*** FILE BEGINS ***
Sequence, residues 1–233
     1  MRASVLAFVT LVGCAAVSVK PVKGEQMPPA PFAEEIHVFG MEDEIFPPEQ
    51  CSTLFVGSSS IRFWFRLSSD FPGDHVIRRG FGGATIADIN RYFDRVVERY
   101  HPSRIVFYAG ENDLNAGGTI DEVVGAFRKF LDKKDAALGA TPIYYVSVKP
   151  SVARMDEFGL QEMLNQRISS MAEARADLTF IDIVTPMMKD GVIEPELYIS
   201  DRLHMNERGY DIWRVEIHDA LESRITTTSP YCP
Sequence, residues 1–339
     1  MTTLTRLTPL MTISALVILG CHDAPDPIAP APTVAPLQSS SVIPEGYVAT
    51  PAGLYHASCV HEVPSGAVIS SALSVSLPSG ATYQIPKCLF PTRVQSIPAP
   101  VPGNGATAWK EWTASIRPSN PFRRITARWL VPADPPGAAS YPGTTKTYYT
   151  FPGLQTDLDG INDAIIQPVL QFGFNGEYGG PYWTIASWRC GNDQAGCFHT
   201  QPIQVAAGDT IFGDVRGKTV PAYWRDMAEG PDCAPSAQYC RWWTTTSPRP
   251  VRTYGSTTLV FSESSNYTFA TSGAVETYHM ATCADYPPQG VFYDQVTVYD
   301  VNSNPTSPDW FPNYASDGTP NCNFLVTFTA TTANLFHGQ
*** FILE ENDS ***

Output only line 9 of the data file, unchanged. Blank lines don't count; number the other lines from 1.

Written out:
    51  PAGLYHASCV HEVPSGAVIS SALSVSLPSG ATYQIPKCLF PTRVQSIPAP